Technical skill alone is never enough: how many perfectly-rendered works have we all seen that were cold, unengaging, unispired, and devoid of content, works that were forgotten almost immediately after viewing? Plenty. There are thousands upon thousands of people who know how to lay down paint or pixels very nicely and their numbers swell each year. But there are and will always be those who stand out from the crowd, those who create artworks that a multitude respond to, those who get the plum jobs, and those who receive awards and accolades for what they create. How? Why? Yep: it’s because they’ve got “it.” And “it” and I think the true meaning of what it is to be “talented” are virtually the same. Skill, intellect, empathy, drama, clarity, observation, intuition, curiosity, communication, timing, focus, personal motivation, originality, courage, perseverance, and, sure, a fair bit of luck—in other words, lots of personal investment combined with the nuts and bolts taught in a school or workshop or through independent study—all go through the blender to make up what “it” is. Careers consist of high points and low—and it’s how an artist deals with and learns from both, from their triumphs and failures, that ultimately contributes to their overall achievements. Like talent, having others recognize that you “have it” isn’t saying that your abilities were magically obtained or a preordained gift that came down from the heavens, but rather an acknowledgment of visual, intellectual, and emotional skills that allows the artist to connect with people, enviable skills that can only be obtained through years of hard knocks and hard work. It’s a show of respect for accomplishment, a sign that “I’d like to work with you/buy your art/learn from you.”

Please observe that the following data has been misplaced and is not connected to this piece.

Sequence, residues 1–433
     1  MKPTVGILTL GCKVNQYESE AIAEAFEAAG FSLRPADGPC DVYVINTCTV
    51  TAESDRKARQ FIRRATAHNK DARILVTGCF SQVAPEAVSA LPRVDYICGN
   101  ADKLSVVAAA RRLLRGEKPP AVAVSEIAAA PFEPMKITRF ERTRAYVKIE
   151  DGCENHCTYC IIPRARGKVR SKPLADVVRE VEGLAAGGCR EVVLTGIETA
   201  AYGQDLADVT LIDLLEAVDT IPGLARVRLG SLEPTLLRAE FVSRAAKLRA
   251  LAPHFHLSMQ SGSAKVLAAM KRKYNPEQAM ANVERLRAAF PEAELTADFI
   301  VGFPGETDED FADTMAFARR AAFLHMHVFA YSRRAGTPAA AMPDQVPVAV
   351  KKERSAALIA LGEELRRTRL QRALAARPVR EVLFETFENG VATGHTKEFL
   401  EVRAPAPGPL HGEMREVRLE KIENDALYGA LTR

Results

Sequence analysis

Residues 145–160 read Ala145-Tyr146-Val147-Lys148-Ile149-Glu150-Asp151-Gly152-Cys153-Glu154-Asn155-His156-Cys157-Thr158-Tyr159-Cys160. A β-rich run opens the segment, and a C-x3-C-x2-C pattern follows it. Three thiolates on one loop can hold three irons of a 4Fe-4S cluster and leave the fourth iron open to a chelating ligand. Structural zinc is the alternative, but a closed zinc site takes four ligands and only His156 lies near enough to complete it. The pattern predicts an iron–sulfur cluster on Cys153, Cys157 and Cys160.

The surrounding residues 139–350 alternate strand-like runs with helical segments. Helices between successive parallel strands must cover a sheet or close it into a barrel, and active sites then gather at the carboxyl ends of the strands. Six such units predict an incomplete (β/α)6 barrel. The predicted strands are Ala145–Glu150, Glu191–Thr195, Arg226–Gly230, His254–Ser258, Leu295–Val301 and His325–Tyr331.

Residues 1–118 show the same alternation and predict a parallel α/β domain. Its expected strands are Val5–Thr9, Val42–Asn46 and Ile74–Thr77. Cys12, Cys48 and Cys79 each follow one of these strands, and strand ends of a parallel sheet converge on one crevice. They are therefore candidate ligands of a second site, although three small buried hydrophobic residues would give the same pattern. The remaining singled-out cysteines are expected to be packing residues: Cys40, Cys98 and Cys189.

I think it’s a tad pessimistic to say that the only reason 98% of hopeful artists don’t make it is because they simply give up. “Push through! Make it work! The world’s your oyster!” are all very nice but ignore the simple realities of life (and the marketplace): not everybody gets what they want. Lots of runners enter a race, but only one can cross the finish line first (or second or third). Success merely through desire and perseverance, though both are important, rarely happens: being a successful, working professional artist or a writer or a musician or actor, athlete, dancer, or any other type of creative is, let’s face it, pretty goddam difficult.